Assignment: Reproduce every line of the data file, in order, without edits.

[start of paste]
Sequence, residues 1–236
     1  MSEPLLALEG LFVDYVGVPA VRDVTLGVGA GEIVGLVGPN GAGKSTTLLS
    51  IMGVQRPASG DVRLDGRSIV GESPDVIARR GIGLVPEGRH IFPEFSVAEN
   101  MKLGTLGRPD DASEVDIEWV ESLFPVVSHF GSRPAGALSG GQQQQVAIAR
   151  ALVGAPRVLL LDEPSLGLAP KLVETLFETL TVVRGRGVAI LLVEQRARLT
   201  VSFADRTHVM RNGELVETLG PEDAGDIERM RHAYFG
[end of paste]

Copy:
Sequence, residues 1–236
     1  MSEPLLALEG LFVDYVGVPA VRDVTLGVGA GEIVGLVGPN GAGKSTTLLS
    51  IMGVQRPASG DVRLDGRSIV GESPDVIARR GIGLVPEGRH IFPEFSVAEN
   101  MKLGTLGRPD DASEVDIEWV ESLFPVVSHF GSRPAGALSG GQQQQVAIAR
   151  ALVGAPRVLL LDEPSLGLAP KLVETLFETL TVVRGRGVAI LLVEQRARLT
   201  VSFADRTHVM RNGELVETLG PEDAGDIERM RHAYFG